Column: The Vault of Secrets: Planet of the Vampires (1965)

By Orrin Grey

Planet of the Vampires (1965) Directed by: Mario Bava Starring: Barry Sullivan, Norma Bengell, Angel Aranda.

Welcome back to the Vault of Secrets, where, every month, we’ll be unearthing another classic (or not-so-classic) vintage horror film for your delectation. Tonight’s film is Mario Bava’s Planet of the Vampires, a movie that’s probably most famous for having supposedly inspired Alien, although both Ridley Scott and Alien scribe Dan O’Bannon claim to have never seen it at the time that Alien was being made.

It certainly opens in relatively Alien-like fashion, with a couple of ships following a mysterious transmission to an unknown planet. (And there’s an early shot of the tail of one of the ships that demonstrates an almost uncanny resemblance to the crashed ship from Alien.) Once they’re on the planet, though, things go a pretty different direction. It seems that the planet is home to some bodiless lifeforms that exist on some different “vibratory frequency” than humans. These lifeforms are the titular vampires, though the word is never used in the movie. They can take over the bodies of the humans anytime they’re unconscious, and they also take over the bodies of those that have died. (There’s a very nice scene of the “vampires” rising from their graves.)

The notion of bodiless creatures that take over dead bodies is actually pretty old-school folkloric vampire stuff (not too surprising, given Bava’s approach to vampires in Black Sunday and Black Sabbath), but the “vampires” here don’t do anything else terribly vampiric, not even drinking blood. Then again, maybe I’m reading too much into the title of a movie that was supposedly also released as Planet of Blood, The Haunted World, Terror in Space, and Space Mutants, to name a few.

Planet of the Vampires was a co-production between American International Pictures (the same folks who produced the many Vincent Price/Roger Corman Poe adaptations, as well as seemingly the majority of the other genre flicks of the era) and Italian and Spanish production companies. The actors were from all over the place, including America, Brazil, Italy, and Spain. On set, they all spoke in their native languages, and their voices were dubbed over accordingly into whatever language was needed for the film’s release. The English-language version (which is the one I watched) features writing credits from Ib Melchior (Death Race 2000, Reptilicus, Robinson Crusoe on Mars, etc.) and Louis Heyward, who was better known as a producer, though he did do some writing on other films, like an uncredited turn on Dr. Goldfoot and the Bikini Machine. It also features pretty much everyone dubbed, except for American lead Barry Sullivan.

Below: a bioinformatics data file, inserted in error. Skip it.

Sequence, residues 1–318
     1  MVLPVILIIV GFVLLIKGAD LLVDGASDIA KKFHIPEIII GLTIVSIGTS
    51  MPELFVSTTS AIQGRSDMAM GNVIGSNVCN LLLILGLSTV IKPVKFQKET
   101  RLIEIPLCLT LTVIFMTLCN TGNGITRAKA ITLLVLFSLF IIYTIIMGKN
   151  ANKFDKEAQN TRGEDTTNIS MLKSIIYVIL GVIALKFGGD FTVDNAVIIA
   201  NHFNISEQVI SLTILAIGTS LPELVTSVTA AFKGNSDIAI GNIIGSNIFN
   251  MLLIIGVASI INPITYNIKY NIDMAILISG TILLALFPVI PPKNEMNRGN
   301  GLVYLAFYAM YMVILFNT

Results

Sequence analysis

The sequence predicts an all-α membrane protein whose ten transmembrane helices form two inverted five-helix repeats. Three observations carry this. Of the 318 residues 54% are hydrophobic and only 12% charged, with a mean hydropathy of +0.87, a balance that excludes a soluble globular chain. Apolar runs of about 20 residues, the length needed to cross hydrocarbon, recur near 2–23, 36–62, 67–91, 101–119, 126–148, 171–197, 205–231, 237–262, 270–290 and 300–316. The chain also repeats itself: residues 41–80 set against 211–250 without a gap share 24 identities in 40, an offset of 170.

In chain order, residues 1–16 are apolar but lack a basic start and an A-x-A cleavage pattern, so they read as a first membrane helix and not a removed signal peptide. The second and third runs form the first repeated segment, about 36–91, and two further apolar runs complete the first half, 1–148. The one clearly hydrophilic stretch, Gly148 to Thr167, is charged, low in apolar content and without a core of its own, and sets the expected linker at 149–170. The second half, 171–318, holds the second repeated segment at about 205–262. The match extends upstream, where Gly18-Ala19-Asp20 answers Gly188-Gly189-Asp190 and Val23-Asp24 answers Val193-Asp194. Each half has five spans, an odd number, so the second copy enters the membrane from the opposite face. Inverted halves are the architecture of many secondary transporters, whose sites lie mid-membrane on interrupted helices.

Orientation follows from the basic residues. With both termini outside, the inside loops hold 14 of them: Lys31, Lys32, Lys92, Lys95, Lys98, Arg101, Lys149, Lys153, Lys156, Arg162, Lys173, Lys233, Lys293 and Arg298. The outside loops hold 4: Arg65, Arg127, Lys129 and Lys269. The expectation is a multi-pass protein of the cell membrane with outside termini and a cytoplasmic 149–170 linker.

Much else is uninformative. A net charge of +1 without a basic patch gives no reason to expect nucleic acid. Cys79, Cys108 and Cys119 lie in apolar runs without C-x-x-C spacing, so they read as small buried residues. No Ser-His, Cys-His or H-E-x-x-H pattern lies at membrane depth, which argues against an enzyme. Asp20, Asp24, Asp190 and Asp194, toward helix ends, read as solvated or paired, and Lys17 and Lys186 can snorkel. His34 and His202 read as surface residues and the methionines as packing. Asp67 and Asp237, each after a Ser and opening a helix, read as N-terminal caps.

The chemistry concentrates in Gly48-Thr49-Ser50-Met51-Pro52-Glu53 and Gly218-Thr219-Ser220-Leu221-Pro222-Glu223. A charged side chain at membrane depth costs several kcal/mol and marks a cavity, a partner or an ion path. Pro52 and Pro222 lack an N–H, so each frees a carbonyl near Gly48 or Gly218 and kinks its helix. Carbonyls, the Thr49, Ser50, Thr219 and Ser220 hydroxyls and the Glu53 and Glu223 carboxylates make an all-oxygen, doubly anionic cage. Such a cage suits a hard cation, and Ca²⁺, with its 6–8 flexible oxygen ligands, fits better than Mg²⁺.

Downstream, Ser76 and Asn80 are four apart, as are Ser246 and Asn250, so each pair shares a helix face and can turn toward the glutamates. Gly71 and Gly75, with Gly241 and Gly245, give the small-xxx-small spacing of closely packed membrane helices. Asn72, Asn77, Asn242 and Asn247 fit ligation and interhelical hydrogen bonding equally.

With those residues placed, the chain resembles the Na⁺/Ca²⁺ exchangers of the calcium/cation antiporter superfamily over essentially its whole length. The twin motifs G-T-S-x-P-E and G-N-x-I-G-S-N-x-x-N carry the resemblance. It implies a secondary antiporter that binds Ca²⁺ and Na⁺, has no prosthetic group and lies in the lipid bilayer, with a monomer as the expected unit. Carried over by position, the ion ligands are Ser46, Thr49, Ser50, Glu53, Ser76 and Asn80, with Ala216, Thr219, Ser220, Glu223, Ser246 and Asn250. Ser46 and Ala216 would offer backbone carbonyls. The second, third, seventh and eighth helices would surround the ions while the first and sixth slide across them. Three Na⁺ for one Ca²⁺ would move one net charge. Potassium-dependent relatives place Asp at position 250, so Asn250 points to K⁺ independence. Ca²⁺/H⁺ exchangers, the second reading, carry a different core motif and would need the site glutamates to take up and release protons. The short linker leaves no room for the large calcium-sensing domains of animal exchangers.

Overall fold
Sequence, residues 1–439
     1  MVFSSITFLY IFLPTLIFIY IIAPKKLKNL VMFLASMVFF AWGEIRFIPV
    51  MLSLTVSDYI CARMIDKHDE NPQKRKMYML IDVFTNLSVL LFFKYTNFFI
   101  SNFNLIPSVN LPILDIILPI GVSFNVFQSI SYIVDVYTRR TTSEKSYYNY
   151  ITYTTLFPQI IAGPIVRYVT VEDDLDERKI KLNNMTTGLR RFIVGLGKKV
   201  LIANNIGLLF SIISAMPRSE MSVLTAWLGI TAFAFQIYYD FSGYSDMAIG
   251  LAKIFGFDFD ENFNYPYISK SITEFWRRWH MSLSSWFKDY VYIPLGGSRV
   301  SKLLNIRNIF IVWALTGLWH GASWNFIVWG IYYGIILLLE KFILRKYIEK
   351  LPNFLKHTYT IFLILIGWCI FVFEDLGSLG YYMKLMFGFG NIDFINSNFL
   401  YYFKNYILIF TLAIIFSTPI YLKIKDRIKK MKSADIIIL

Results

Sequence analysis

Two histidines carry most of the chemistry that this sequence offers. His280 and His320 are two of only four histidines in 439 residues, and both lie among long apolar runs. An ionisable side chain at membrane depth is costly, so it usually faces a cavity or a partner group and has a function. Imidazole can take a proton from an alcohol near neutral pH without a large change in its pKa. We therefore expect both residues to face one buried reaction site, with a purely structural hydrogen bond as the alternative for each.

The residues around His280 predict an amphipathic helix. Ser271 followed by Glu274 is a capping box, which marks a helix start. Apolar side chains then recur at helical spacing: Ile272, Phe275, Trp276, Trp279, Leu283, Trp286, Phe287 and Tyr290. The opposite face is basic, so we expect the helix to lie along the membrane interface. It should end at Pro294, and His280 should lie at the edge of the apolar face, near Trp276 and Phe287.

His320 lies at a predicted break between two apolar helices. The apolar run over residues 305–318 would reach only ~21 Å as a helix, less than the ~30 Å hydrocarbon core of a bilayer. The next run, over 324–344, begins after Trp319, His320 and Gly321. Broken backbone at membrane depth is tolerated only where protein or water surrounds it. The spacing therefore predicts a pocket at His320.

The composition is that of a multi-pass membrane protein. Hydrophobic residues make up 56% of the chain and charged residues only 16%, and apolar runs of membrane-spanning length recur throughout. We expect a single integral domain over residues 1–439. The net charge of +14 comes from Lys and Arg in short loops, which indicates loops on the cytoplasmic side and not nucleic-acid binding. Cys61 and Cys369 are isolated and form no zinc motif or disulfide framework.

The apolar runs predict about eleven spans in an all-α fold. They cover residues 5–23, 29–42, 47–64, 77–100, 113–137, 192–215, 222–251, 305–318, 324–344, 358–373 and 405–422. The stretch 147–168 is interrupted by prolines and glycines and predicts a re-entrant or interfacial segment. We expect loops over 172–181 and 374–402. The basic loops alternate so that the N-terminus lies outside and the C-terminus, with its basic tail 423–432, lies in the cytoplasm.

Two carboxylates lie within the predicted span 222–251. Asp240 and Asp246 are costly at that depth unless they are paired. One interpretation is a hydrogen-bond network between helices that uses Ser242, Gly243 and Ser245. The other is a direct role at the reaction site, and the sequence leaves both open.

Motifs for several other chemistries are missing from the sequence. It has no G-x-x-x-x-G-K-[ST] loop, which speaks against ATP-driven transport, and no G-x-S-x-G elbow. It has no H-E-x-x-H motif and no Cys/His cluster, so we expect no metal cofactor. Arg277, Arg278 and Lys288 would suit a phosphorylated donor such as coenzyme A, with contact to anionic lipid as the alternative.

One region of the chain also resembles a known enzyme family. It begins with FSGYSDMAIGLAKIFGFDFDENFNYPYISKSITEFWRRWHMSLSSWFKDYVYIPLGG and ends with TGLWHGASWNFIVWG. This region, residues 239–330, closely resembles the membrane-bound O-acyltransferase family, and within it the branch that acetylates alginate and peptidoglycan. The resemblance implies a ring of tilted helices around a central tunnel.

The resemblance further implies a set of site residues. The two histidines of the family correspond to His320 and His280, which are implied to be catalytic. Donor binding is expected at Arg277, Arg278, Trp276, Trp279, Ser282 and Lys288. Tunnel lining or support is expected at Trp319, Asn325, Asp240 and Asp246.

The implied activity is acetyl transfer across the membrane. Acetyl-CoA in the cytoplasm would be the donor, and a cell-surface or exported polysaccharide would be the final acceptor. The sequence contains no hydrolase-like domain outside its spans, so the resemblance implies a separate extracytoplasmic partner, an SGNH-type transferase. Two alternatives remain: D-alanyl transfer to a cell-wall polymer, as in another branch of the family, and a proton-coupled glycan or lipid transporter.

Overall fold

In spite of an extremely tight budget, Planet of the Vampires actually looks fairly great, thanks almost entirely to Mario Bava, whose fingerprints are all over the visuals of the movie. Pretty much everything is lit with Bava’s signature candy-colors, which works especially well in an eerie sci-fi setting. The scenes of the astronauts exploring the planet are all particularly good, with loads of Schufftan process shots being used to make it look like the actors are interacting with various models. According to Bava, the planet’s surface was made using “a couple of plastic rocks,” various mirrors, and a lot of smoke. The result is remarkably effective. The high point of the visuals (and of the movie in aggregate) comes when the astronauts go exploring and find a ruined alien ship, complete with the skeletons of its giant alien crew. As you can imagine, this is also the place where the film’s resemblance to Alien is most pronounced.

While I’m on the subject of how the movie looks, though, it wouldn’t do to go without mentioning the costumes. The astronauts sport wonderful leather-looking spacesuits done in black with yellow piping that really should be more popularly known than they are. Not only do they look fantastic, but they also sport ridiculous high collars and pull-up skullcaps/hoods that give nice visual nods to more classicly gothic vampire films.

Sadly, Planet of the Vampires isn’t terribly eventful, and the dialogue is about what you’d expect from guys with Reptilicus and Dr. Goldfoot and the Bikini Machine on their resumes, but I’m still surprised that the movie isn’t more of a cult hit than it is. Bava’s visuals alone set the bar for it well above average for this kind of picture, and the Alien tie-in (however tenuous it may or may not be) provides a nice hook.

That’s it for tonight’s program, be sure to join us next time when we take a look at an old Hammer favorite (along with a special surprise) just in time for Halloween!